- The Washington Times - Friday, December 30, 2005

PALM BEACH, Fla. — At the risk of inflicting a mild case of gastric distress, democratic elections do not always work as prophylactics to safeguard freedom.

Iraq’s national balloting has produced a widely predicted three-way split with Iran the clear winner. Iraqi commentator Ghassan Attiyah remarked, “In 21/2 years, Bush has succeeded in creating two new Talibans in Iraq.”

Its candidates defeated, the pro-Western, secular, unitary state has bitten the sand. People voted their ethnic and sectarian identities. Fundamentalist Shi’ites are now dominant. Washington’s hopes for former Prime Minister Iyad Allawi and his secular coalition, and the neoconservatives’ support for maverick Ahmad Chalabi, the current deputy prime minister, evaporated in the ballot box.

The minority Sunnis also have their fundamentalists. They have now opted for a leaf from the book of “democratic terrorists” written by Hezbollah in Lebanon and Hamas in Gaza and the West Bank. The Sunni insurgency will continue, but it will have a democratic wing that sits in parliament, much as Hamas plans to sit in a new Palestinian parliament and Hezbollah sits in the Lebanese parliament while Iran funds its military component.

Gunrunning and narcotics trafficking supplements Iran’s stipend. The Kurds are now in a position to slowly muscle the Arabs out of Kirkuk, the key to control of the northern oil fields, the city where Saddam Hussein had muscled the Arabs in.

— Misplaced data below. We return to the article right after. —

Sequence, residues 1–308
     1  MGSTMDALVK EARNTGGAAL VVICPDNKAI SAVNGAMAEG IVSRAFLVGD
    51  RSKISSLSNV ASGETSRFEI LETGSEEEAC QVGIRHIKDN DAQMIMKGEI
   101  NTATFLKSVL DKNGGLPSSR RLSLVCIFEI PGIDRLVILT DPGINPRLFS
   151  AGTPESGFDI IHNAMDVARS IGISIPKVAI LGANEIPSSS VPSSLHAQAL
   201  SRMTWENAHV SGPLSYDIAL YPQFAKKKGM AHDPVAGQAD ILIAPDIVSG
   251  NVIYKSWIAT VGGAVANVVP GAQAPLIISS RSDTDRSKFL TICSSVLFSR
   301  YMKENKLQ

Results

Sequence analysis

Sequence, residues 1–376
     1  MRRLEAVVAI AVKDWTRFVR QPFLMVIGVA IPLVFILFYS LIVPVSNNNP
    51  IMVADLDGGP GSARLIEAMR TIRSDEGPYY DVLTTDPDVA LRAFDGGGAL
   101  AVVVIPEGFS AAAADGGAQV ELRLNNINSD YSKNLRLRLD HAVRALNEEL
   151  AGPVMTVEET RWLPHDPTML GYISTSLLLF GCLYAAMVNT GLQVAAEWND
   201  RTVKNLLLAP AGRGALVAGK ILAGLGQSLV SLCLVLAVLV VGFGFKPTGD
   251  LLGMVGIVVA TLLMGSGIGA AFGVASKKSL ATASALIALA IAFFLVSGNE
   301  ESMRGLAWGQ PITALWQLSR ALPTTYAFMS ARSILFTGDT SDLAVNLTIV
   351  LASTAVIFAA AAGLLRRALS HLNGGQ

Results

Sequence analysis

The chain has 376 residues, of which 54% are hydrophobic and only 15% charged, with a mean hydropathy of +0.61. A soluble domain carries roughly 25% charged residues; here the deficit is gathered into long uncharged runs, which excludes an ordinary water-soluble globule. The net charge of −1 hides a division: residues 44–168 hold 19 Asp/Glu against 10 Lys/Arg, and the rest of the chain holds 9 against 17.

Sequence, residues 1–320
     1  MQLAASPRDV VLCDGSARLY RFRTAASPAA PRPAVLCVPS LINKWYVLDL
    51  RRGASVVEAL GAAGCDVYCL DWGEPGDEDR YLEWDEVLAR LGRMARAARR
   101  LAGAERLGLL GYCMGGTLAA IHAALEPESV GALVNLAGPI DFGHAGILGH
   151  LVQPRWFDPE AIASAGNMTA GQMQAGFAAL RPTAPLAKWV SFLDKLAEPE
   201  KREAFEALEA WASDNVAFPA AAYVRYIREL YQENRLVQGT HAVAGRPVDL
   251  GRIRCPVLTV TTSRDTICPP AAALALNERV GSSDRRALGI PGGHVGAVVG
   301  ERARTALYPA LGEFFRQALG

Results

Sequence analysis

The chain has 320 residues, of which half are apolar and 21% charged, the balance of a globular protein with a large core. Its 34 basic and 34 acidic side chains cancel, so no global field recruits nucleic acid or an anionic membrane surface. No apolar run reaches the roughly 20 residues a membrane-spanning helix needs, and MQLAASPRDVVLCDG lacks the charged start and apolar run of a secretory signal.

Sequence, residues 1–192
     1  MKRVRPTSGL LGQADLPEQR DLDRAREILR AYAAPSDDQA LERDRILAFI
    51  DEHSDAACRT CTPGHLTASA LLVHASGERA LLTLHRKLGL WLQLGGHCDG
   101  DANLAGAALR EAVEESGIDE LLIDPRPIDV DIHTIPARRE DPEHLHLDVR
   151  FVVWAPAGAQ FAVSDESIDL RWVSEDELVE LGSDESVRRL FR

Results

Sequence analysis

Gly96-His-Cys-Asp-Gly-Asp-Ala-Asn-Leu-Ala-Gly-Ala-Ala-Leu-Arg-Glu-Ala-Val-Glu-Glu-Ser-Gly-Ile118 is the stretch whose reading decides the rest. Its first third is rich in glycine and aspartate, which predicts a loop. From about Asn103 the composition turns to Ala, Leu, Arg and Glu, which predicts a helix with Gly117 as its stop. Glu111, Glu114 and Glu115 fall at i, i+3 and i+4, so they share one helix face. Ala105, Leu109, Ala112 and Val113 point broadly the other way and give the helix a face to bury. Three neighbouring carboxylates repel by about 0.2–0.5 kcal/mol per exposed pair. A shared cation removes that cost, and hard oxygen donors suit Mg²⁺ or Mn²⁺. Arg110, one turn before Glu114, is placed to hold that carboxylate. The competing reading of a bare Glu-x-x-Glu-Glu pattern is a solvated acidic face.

In the south, the Bush administration is now dependent on the whims of Iranian President Mahmoud Ahmadinejad. The former Tehran mayor recently displayed his dispassionate level-headedness by declaring Israel should be wiped off the map and that the World War II murder of 6 million Jews never occurred.

One of Mr. Ahmadinejad’s new pals is the nationalist hothead cleric, Moqtada al-Sadr, whose Mehdi Army was evicted from Najaf by U.S. forces last year. He has emerged a clear victor in the Dec. 15 elections and an important player in whatever government is cobbled in the next few weeks. Meanwhile, the Interior Ministry, which controls more than 100,000 police and paramilitary units, is in Shi’ite hands.